Rangefinder focusing is controlled by a lever attached to the focus ring, also at the bottom of the camera.

The selenium meter cell is arranged around the Canon SE 45mm f1.9 lens - thus automatically compensating for filters; the aperture ring is scaled from f16 down to f1.9, followed by an "auto" setting (with a latch), for shutter priority automation. The Copal SV shutter has speeds from 1/500 down to 1sec, plus B. Film speed is set between 10-400 ASA by a lever in the shutter speed ring.

The viewfinder features a bright-line, and a scale showing the aperture.

There is a PC socket beside the lens, and a switch on the lens barrel for X- or M-flash sync.

There is a self-timer - set by a lever on the lens barrel.

A bit about my Canonet

I found mine at Taman Puring (a flea market in South Jakarta) but didn't pick it up the first time I saw it because there was a disagreement between me and the seller about the price. The day after I went back there only to find it was already gone and I dare not to ask about it to the seller for I will not sacrifice my pride hehehe.....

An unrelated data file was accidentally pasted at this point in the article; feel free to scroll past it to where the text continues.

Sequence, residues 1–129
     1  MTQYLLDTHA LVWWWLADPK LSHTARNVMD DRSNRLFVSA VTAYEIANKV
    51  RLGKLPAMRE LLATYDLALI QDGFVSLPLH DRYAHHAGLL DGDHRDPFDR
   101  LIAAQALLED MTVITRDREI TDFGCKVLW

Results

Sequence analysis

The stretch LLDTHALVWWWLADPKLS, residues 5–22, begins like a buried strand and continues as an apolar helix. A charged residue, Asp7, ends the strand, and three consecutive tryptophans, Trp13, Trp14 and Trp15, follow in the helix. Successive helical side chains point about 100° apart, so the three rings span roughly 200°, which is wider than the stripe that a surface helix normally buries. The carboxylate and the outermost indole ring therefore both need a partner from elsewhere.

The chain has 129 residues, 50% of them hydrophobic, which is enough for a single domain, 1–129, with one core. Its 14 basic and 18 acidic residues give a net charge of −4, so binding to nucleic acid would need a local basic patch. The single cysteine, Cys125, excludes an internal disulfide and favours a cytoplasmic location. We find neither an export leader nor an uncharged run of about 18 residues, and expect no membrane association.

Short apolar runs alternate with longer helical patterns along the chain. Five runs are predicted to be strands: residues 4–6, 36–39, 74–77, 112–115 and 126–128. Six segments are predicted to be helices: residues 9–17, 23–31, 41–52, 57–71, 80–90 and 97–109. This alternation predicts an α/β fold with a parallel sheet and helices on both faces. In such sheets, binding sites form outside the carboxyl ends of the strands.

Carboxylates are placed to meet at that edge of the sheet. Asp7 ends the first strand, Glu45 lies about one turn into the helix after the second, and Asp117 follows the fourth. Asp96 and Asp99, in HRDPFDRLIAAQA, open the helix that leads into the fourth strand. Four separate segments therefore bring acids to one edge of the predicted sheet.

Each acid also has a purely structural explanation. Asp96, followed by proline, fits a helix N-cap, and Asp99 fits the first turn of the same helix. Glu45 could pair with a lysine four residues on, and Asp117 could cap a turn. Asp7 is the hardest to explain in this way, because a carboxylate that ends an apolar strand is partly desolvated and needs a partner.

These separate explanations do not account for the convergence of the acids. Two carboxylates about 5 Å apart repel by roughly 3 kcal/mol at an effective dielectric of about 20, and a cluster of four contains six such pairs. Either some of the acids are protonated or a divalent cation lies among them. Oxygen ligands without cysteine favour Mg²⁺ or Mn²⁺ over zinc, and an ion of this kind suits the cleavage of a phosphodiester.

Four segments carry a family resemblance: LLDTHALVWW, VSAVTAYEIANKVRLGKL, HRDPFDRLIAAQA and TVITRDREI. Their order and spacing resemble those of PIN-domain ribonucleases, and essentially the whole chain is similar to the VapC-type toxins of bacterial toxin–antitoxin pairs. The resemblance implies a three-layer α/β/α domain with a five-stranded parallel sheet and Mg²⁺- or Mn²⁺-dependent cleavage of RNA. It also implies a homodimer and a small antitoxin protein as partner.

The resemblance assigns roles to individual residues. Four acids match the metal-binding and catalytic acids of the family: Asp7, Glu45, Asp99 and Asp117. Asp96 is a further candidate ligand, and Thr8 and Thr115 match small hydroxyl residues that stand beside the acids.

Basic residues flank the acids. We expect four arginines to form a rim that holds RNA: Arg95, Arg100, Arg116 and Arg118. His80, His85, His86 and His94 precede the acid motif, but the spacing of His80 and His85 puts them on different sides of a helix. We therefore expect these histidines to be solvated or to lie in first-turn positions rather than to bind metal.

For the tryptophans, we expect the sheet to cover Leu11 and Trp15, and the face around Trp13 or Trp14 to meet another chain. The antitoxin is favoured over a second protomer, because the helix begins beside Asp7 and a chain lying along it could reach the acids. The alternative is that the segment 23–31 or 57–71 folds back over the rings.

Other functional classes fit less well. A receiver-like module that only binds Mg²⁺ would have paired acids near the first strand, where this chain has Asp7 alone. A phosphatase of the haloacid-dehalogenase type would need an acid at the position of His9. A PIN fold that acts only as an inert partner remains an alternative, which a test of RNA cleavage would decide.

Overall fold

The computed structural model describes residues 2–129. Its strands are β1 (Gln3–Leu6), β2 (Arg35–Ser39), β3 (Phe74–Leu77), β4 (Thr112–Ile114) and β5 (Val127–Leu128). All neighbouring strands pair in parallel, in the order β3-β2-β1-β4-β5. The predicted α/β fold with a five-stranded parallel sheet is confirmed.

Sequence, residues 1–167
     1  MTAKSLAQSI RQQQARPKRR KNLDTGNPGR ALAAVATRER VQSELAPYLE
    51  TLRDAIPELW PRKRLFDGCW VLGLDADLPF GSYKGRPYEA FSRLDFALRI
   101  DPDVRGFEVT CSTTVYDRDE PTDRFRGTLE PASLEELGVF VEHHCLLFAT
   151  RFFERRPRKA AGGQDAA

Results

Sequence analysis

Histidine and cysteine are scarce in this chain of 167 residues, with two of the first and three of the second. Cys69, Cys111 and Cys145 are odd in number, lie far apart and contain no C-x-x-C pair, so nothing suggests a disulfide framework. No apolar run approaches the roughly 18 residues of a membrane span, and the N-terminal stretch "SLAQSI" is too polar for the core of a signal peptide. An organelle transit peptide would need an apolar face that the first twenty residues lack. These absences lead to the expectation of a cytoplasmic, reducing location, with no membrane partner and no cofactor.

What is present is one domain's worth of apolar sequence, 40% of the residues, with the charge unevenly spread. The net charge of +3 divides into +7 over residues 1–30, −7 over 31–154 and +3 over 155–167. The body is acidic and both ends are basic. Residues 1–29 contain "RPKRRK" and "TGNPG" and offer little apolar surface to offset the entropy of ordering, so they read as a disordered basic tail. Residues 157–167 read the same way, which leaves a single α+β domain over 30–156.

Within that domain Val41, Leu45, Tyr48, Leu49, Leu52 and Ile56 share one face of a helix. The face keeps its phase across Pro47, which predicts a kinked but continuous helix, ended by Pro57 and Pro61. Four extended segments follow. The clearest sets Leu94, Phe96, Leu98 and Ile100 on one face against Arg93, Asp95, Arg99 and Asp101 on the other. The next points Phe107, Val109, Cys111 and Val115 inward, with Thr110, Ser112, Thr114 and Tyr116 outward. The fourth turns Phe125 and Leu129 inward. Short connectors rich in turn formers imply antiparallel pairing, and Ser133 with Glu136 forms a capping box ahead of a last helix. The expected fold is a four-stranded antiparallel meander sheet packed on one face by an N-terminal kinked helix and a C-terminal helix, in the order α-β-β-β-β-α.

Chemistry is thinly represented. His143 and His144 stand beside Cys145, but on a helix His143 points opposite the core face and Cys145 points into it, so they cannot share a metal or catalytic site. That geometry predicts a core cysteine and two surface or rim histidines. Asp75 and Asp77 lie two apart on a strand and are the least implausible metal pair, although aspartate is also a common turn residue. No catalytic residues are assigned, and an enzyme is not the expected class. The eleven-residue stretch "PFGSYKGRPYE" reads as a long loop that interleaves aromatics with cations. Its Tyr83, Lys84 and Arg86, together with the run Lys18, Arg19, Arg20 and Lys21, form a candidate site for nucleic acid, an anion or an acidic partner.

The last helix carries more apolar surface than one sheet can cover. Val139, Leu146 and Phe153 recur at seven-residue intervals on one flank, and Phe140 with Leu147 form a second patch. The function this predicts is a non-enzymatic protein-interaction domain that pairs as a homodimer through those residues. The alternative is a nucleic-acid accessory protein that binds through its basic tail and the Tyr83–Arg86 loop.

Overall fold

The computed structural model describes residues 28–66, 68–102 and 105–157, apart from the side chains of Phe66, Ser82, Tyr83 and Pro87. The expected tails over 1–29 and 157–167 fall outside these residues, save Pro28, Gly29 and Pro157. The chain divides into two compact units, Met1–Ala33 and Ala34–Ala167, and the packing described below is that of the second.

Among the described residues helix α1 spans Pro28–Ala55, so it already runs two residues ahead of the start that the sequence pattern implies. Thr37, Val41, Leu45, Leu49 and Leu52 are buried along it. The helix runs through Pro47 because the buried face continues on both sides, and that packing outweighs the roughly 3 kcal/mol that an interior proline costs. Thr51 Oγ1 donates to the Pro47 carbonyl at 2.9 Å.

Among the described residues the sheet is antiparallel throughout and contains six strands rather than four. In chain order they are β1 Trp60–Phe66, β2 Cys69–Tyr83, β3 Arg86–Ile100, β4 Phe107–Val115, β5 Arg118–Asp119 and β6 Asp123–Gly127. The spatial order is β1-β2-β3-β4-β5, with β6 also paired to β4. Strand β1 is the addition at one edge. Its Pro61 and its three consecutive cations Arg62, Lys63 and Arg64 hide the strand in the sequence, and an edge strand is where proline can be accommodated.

Apparently the Canonet was meant for me because two months later when I visited Jalan Surabaya (an antique's arcade in Central Jakarta), the Canonet was there, at the display cabinet of my regular antique camera shop. I took the Canonet home for around USD20.00, slightly higher price than the proposed price in Taman Puring. It turn out to be fully functioning, even the selenium meter cell is still working (I doubt it accuracy though...).

I do not I have use it but I will one of this day.

Canon 7

A bit about the Canon 7 from Wikipedia

The Canon 7 was a rangefinder camera produced by Canon Inc., the last compatible with the Leica mounting. It was introduced in September 1961, with an integrated selenium lightmeter cell. Further versions, branded Canon 7s and Canon 7s Type II (or Canon 7sZ), modified the design slightly by introducing a CDS cell.

The Canon 7 came as the first Canon reflex cameras were already on the market, but it was felt that there was a need for a fast-shooting rangefinder camera for reportage. In this niche, the Canon 7 came into direct competition with the Leica M3.

A bit about my Canon 7

I love this camera as much as I love my 1965 Canonet QL17! It is solid and dependable, more dependable than my ill-fated Leica M3! I got mine on the same day I acquire the Leica M3.